The tension between the progressive wing of the Democratic Party and the "billionaires, corporations and the candidates bankrolled by billionaires and corporations" was on display throughout the event, with nearly every speaker contrasting Sanders' "people-powered" grassroots support with his opponents, including fellow Democrats.

"We are willing to stand up to them and say, 'Your days are over with, and we are coming,'" Salazar said, jabbing his finger in the air.

Chapa, a former executive director of the Colorado Democratic Party, urged Sanders supporters not to abandon the Democrats.

"We have to infiltrate the party," she said. "If you look at the platform, the Democratic platform, they have had to follow Bernie's lead."

Denver-based journalist David Sirota, a longtime Sanders confidante and a senior adviser and speech writer with the national Sanders campaign, told the crowd to brace for "an intense, unprecedented set of attacks on Bernie Sanders to try to stop him from winning the nomination" as the primary enters its next phase.

Sanders' detractors, Sirota said, "are terrified — and they should be terrified, because they can see the polls that show their nonsense, the attacks they have been throwing at us, are not working."

He added: "It's not working, because we've built an unprecedented grassroots campaign."

Tim Dickson, the state field director, told Colorado Politics that around 15,000 volunteers have signed up to work for Sanders in Colorado. Through this weekend, he said, they've organized more than 500 voter-contact events, including meet-and-greets, phone banking, canvassing and the campaign's "very data-driven friend-to-friend program," that builds voter lists from volunteers' contacts.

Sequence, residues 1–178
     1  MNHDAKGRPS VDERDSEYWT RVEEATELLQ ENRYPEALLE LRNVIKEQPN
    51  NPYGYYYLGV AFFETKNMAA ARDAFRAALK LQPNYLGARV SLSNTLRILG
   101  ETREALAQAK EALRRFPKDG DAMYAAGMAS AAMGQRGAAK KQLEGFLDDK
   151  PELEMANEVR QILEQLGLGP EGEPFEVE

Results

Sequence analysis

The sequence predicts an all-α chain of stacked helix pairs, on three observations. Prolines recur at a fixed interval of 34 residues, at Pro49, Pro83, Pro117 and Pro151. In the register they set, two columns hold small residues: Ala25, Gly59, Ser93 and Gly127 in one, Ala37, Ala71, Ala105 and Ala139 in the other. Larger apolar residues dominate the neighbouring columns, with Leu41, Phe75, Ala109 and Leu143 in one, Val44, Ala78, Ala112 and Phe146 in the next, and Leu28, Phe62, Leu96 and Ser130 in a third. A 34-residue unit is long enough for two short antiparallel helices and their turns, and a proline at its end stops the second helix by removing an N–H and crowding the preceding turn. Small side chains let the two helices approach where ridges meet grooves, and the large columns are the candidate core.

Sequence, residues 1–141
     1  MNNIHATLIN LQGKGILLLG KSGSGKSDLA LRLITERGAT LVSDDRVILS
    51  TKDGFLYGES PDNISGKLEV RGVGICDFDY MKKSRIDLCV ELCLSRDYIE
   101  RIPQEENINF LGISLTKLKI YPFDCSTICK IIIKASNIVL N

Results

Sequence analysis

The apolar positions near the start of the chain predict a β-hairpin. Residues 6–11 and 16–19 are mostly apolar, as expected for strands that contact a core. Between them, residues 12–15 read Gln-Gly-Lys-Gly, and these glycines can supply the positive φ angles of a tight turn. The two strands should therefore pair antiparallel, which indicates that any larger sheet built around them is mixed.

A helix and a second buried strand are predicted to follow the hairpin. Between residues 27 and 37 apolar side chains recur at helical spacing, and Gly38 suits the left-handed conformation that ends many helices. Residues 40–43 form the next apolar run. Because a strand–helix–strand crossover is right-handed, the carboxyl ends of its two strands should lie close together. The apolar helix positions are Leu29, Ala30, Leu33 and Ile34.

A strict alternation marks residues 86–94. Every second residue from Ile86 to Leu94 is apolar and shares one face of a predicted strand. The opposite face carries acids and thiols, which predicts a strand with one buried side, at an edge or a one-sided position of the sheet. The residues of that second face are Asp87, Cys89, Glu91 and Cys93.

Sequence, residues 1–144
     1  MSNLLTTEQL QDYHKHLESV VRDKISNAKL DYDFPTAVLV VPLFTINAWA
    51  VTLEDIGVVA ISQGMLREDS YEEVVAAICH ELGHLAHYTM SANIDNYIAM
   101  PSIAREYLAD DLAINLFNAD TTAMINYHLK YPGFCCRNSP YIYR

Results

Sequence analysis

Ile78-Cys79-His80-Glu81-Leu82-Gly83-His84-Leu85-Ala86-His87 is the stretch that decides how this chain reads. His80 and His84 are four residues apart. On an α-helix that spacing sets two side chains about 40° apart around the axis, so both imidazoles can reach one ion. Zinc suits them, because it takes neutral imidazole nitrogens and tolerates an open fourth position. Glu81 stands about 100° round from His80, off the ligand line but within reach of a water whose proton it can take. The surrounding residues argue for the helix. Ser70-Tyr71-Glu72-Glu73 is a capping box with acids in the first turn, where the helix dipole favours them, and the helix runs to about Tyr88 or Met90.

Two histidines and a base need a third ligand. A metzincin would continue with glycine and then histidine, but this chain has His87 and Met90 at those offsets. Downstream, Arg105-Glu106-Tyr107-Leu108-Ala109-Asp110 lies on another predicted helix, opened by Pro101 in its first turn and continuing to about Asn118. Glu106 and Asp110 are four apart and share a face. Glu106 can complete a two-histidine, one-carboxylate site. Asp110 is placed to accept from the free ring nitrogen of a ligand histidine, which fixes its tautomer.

Chapa noted that the Colorado Sanders campaign expects an influx of dozens of organizers arriving from Iowa and New Hampshire after those states finish voting in mid-February.

"Bernie's not kidding when he says this is a grassroots effort," Dickson said. "We have more volunteers than anyone here in Colorado."

Supporter Leslie Eiler of Woodland Park said she's putting together several organizing events every week in heavily Republican Teller County.

"It's a challenging environment, but we have Berners up there," she said as she piled her arms with yard signs and a T-shirt to give away.

State Rep. Emily Sirota of Denver, who was endorsed by Sanders in 2018 before unseating a moderate Democrat in a primary, said she was thrilled to see Sunday's turnout.

"People are always looking to discount Bernie and underestimate him," she said after posing for a snapshot with her husband, David, and a pair of Sanders fans. "Then you see the incredible number of people, this diverse working-class, racially diverse, generationally diverse coalition of people who are here because they believe in a government that works for the people."